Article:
“One of the peculiar characteristics of the people in all frontier countries is their hatred of horse thieves and their belief that nothing less than capital punishment is adequate to suppress them. This sentiment was no doubt prompted in Idaho by the well-known fact that those who were entrusted with the enforcement of the law – the sheriff and his deputies – were nominated and elected to their positions through the influence of the admirers of horse-flesh.”
These are the words of former Idaho Gov. and U.S. Sen. William J. McConnell in his 1913 “Early History of Idaho,” published by the Caxton Printers of Caldwell.
He continued: “I was once told by a former resident of Arkansas that ‘when a man was killed in this state, the authorities empaneled a jury, not for the purpose of determining whether the accused was guilty of killing the man, but to ascertain whether it had been a fair fight.’ If the latter was shown by the evidence, the verdict of the jury was ‘bully for him.’ Yet these same men would hang a horse thief without compunction.”
In May 1866, the Idaho Tri-weekly Statesman reported: “A Dangerous Neighborhood – Babington’s on Reynold’s Creek is getting a bad reputation. It is a dangerous place for either stock or whisky to be laying around loose…Now just as we were flattering ourselves that the road between here and Owyhee was a safe one, news comes that a packer who built his camp fire almost within sight of Babington’s, had nothing but his camp fires and aparajoes (pack saddles) left the next morning.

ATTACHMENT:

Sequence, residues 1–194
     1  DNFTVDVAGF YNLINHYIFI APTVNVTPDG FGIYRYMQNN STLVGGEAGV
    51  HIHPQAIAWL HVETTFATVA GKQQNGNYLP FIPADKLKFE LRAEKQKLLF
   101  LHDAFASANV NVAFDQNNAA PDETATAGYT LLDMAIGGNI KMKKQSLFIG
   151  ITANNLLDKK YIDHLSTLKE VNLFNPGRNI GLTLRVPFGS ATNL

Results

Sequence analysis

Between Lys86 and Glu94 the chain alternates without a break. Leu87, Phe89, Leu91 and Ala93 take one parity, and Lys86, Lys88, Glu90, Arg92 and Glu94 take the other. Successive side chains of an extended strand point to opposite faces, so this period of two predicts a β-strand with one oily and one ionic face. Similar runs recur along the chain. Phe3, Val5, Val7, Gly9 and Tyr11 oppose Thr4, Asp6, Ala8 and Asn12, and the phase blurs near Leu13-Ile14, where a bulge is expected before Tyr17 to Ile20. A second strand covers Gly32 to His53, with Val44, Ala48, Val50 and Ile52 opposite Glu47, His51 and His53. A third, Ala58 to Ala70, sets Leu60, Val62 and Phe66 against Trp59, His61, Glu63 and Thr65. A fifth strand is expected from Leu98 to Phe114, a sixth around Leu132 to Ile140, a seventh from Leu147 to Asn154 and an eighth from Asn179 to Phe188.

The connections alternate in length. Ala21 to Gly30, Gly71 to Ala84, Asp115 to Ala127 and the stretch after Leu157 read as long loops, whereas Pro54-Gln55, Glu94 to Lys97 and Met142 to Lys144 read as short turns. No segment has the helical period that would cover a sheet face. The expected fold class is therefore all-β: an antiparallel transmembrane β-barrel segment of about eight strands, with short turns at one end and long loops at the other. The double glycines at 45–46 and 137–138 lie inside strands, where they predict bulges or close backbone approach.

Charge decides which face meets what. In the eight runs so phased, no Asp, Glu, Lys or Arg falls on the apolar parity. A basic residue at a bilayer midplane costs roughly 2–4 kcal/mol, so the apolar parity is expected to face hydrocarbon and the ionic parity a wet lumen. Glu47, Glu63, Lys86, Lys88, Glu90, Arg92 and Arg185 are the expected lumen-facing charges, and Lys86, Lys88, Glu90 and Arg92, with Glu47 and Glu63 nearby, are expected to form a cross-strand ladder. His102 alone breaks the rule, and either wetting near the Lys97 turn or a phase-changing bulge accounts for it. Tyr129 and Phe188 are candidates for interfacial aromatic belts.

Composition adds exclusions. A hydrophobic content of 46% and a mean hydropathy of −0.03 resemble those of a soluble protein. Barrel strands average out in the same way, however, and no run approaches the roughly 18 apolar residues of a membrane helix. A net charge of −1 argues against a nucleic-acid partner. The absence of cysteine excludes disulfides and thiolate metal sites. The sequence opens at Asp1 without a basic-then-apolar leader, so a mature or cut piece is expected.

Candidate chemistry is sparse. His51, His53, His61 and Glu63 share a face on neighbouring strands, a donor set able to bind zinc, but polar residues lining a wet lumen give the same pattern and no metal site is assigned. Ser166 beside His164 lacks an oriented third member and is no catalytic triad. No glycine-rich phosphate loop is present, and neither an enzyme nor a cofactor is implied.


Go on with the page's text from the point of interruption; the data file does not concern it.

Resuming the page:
“Mr. Aleck Weir, with a train of forty-eight mules, camped in a gulch three-fouths of a mile this side of Babington’s on the evening of May 1st. Half a mile nearer the toll gate a teamster was camped with two teams of horses. Early the next morning it was discovered that the pack train and teams had joined in making a broad trail, pointing in the same general direction as that taken by Hill Beachey’s horses stolen last February. It was supposed from the signs that about fifteen rascals – red or white – were very close to the stock when they started on their pilgrimage.
“By eight o’clock in the morning about twenty men, well mounted and armed, had started in pursuit, of whom we hope to have good news before the next issue.
“In the matter of whisky it has been noticed for several months that if a bottle of that exhilarating liquid happened to be left in the stage while the passengers were breakfasting at Babington’s, it was sure to be missing by the time the meal was over. A friend of ours who came over last trip was among the sufferers. He left a bottle of tangle-foot in the stage while he took breakfast, and while he was eating his bottle was stolen.”
We knew that early Idaho had its share of horse thieves and cattle rustlers, but we hadn’t heard of its whiskey rustlers.
Arthur Hart writes this column on Idaho history for the Idaho Statesman each Sunday. Email firstname.lastname@example.org.